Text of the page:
Fundamentals of Fluid Mechanics Questions and Answers  
Question by AME536A Student
I am getting stuck on problem #4 on the homework (the canoe question). I am able to do part A and it gives me the correct answer for part c, but I am having trouble with the integral on part B. The task is to integrate the forces instead of using Archimedes principle. The basic premise is pressure multiplied by area, so starting off, we can say the area integral for the submerged part of the boat is $$ \int_{\theta_0}^{\theta_1} \int_{0}^x rd \theta dx $$ (I couldn't get Latex to work with subscripts in the integral bounds. It should be $\theta^{}_{0}$ and $\theta^{}_{1}$). Next we can use Pascal's law to find the pressure: $$ P = P^{}_{atm} + \rho^{}_{w}g(H-y) $$ Here is where I am getting stuck. Originally I had the integral set up using Y and integrating from 0 to H multiplied by the area to get force: $$ \int_{\theta}^\theta \int_{0}^x \int_{0}^H r(P^{}_{atm} + \rho^{}_{w}g(H-y)) \sin(\theta) d \theta dx dy $$ This doesn't seem like the right way to integrate to find the force. There isn't really a y direction, it's just backward along the radius. So, my thought was to find Y as a function of $\theta$: $$ y = R(1-\sin(\theta)) $$ So the integral becomes $$ \int_{\theta}^\theta \int_{0}^x r(P^{}_{atm} + \rho^{}_{w}g(H-R(1-\sin(\theta))) \sin(\theta) d \theta dx $$ Neither of the ways I've done the problem thus far are resulting in the correct answer. I'm unsure of what is going wrong. Are either of the two ways I mentioned the correct way to find the force applied on the bottom of the canoe?
It's difficult to say where the problem is because you don't define $y$ and $\theta_0$ and $\theta_1$. Is $y$ pointing up or down? What is $\theta_0$? This should be made clear through text or figure. You seem to be on the right track thus. There's probably a small mistake in the setup of the integral. Have you tried integrating only half of the canoe and then multiplying by 2? This will get rid of one potential error related to the angles.. PS. I fixed your problem in your post. To see how I did it, right click on the equation and choose “Show Math As” -> “TEX Commands”.
Question by AME536A Student
I have a quick question about Problem 6, based on the figure provided, do we need to take into account of mercury surface tension on the side walls of the tank ?
If there is enough information to take this into account, then yes you have to. If not you have to mention this in the assumptions.
Question by AME536A Student
In question #2 for Assignment #3, can we assume that the duct that the fluid is traveling through is square?
No, you shouldn't make this assumption. Your answer should work for any type of duct as long as the intake is aligned with the $y$ axis.
Question by AME536A Student
In Assignment #6, Question #3 :
(1) Is it okay to use the conservation of mass equation twice, one for the water and one for the air? therefore we have $$\frac{dm_A}{dt}=...$$ $$\frac{dm_L}{dt}=...$$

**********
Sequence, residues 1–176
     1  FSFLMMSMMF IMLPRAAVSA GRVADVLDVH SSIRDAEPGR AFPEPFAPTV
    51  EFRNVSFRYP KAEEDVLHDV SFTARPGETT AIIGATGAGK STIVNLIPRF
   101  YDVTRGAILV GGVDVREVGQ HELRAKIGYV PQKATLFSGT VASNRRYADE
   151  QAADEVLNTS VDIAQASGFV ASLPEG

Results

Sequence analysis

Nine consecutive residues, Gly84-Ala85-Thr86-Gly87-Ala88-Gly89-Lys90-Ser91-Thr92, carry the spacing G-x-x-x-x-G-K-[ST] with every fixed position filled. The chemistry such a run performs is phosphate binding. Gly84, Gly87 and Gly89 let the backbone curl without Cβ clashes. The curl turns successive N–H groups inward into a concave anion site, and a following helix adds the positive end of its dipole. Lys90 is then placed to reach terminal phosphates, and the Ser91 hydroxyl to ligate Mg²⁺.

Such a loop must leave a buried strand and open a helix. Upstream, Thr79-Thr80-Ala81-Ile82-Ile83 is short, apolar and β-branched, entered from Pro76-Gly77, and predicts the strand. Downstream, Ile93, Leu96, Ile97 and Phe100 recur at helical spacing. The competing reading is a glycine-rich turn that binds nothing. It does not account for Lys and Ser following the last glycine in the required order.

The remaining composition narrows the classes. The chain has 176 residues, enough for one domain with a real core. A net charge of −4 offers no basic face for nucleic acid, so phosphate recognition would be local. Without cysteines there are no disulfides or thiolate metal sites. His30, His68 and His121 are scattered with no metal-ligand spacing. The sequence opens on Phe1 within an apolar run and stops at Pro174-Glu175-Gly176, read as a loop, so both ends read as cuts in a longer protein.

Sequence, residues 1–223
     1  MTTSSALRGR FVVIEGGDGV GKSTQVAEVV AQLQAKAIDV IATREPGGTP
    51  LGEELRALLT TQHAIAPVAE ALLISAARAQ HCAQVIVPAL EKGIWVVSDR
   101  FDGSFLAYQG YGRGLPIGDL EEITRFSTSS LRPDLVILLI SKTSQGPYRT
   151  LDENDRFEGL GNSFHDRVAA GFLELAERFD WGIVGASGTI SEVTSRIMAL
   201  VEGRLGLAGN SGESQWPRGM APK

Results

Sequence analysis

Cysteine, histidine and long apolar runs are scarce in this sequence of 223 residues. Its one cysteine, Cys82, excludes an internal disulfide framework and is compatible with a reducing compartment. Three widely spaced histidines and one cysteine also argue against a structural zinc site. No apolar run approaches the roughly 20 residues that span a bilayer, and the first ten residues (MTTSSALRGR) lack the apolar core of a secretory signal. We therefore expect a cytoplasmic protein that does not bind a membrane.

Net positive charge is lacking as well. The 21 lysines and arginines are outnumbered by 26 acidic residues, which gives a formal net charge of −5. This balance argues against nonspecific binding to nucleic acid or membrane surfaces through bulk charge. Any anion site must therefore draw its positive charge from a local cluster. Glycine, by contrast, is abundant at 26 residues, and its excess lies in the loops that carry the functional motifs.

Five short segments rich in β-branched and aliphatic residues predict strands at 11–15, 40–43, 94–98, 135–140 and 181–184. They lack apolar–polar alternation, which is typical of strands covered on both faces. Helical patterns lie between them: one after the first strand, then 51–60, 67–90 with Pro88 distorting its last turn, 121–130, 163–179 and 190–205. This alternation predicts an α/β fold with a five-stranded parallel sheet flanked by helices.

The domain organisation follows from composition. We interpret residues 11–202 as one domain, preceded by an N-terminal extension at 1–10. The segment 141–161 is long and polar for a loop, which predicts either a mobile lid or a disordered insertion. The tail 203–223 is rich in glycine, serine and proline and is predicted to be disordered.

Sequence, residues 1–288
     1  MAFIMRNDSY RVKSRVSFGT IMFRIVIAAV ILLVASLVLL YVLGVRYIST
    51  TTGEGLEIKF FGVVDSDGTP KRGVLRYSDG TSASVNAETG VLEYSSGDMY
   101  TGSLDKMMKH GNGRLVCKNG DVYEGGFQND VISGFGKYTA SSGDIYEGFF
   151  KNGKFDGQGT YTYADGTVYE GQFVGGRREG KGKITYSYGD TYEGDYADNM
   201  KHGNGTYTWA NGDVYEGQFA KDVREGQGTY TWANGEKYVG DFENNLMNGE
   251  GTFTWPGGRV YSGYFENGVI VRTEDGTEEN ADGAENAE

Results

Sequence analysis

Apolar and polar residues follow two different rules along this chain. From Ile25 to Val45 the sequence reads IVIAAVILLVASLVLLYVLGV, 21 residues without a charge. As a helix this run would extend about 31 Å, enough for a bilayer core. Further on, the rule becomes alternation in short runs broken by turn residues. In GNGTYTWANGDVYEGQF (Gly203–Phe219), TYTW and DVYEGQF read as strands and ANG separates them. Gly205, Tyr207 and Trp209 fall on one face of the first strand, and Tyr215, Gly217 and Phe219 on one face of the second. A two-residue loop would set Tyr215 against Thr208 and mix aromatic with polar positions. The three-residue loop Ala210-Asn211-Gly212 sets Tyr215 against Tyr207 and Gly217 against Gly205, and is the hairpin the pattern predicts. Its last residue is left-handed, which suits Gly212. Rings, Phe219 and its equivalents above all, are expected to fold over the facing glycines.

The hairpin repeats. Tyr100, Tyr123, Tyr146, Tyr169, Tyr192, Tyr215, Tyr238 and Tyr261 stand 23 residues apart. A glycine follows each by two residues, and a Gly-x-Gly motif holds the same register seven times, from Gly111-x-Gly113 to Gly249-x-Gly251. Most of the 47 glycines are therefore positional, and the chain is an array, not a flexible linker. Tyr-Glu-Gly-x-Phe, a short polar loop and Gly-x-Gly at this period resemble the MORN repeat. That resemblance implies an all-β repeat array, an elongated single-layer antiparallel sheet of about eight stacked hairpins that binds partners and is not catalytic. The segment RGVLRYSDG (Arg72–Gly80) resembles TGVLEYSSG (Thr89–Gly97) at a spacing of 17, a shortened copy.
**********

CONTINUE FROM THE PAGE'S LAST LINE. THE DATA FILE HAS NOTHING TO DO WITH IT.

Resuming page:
(2) Can we assume that $e_L$ is constant with time (or the water temperature is constant) so that: $$\frac{dm_L e_L}{dt}= e_L\frac{dm_L}{dt}$$
Yes this is correct. However, if you do assume that the water temperature is constant in time, you need to justify this assumption. Why would this be the case? Explain. Further, only one question per post in the future.
Question by AME536A Student
On Assignment #6, Question #3 I am stuck on part B of the tank problem. We're tasked to find the temp. once all of the water has left the tank. Using the energy transport equation and mass conservation equation I've derived the following: $$ (e^{}_{a}-h^{}_r)dm^{}_{a} + (e^{}_{L}-h^{}_{L})dm^{}_{L} + m^{}_{a}de^{}_{a} = 0 $$ which can be re-written as follows in preparation for integration: $$ \frac{1}{m^{}_{a}}dm^{}_{a} + \frac{(e^{}_{L}-h^{}_{L})} {m^{}_{a}(e^{}_{a}-h^{}_r)}dm^{}_{L} + \frac{1} {e^{}_{a}-h^{}_r}de^{}_{a} = 0 $$ I'm confused on how to proceed. We can argue that water temperature is constant, so $e^{}_{l}$ and $h^{}_{l}$ won't be a problem when integrating, but all of the other variables in the second term can't be integrated with respect to $m^{}_{L}$. What is the next step?
At constant volume, there is a relationship between $dm_{\rm a}$ and $dm_{\rm l}$ (if a bit of air mass is added to the volume, you can find exactly what the bit of water mass must be removed). Use this relationship to get rid of $dm_{\rm l}$.
Question by AME536A Student
There is something controversial concerning the assignment number 5 question 4. In class, you told us that we have to prove with Bernoulli that the velocity at the exit is equal to the velocity at the inlet meaning that from the mass conservation the area in both inlet and exit are also equal.
If we have to follow the figure as mentioned, the area at the exit is bigger and more specifically $A_{exit}=d \frac{B}{cos(30)}=dL$ meaning that $q_{exit}=12.0284 $ m/s leading to different results.
The cross-sectional area of the reflected snow can (in fact, must!) be found through Bernoulli. It's indicated in the question statement that there is no friction, so Bernoulli's equation certainly applies. Also note that measuring cross-sectional area of the reflected snow can't be done with certainty given the drawing dimensions (in the figure, it wasn't clear what $d$ of the reflected snow stood for exactly). Also, $B/\cos(30)$ is not the width of the reflected snow — build a 3D model of the snow with a sheet of paper to convince yourself of this. Albeit coming a bit later than I would like, thank you for the question: I can see how the dimension $d$ of the reflected snow was not clear in this respect and made a change in the figure in consequence.
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